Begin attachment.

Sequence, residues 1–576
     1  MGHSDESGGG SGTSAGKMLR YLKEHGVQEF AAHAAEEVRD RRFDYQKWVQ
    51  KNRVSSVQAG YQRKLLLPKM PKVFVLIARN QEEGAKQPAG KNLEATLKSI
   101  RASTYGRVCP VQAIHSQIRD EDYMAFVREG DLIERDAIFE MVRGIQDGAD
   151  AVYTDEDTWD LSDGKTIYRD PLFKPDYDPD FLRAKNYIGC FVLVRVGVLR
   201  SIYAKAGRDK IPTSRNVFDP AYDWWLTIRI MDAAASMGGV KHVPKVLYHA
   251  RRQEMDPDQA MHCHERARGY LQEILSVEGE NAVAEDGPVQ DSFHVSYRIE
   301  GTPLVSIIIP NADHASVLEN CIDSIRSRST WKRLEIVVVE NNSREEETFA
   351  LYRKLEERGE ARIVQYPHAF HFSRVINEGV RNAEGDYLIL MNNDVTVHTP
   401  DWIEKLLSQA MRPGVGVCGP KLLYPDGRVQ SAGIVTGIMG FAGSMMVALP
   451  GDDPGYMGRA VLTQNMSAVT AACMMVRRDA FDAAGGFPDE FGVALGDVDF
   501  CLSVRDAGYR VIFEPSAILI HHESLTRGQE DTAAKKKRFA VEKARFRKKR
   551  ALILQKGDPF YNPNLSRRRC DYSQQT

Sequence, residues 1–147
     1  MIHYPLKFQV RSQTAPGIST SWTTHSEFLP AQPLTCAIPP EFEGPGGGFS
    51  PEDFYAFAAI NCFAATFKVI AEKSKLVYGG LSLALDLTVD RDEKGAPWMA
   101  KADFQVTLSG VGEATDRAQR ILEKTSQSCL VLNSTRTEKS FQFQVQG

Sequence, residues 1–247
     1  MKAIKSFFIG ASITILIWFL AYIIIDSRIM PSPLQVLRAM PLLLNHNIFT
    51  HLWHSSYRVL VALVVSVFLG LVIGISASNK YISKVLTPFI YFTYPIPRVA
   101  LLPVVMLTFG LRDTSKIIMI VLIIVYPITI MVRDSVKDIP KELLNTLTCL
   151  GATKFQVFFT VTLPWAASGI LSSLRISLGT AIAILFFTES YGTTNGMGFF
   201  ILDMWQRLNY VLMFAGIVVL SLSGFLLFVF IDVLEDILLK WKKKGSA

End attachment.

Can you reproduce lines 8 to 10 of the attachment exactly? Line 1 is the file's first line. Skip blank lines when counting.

   301  GTPLVSIIIP NADHASVLEN CIDSIRSRST WKRLEIVVVE NNSREEETFA
   351  LYRKLEERGE ARIVQYPHAF HFSRVINEGV RNAEGDYLIL MNNDVTVHTP
   401  DWIEKLLSQA MRPGVGVCGP KLLYPDGRVQ SAGIVTGIMG FAGSMMVALP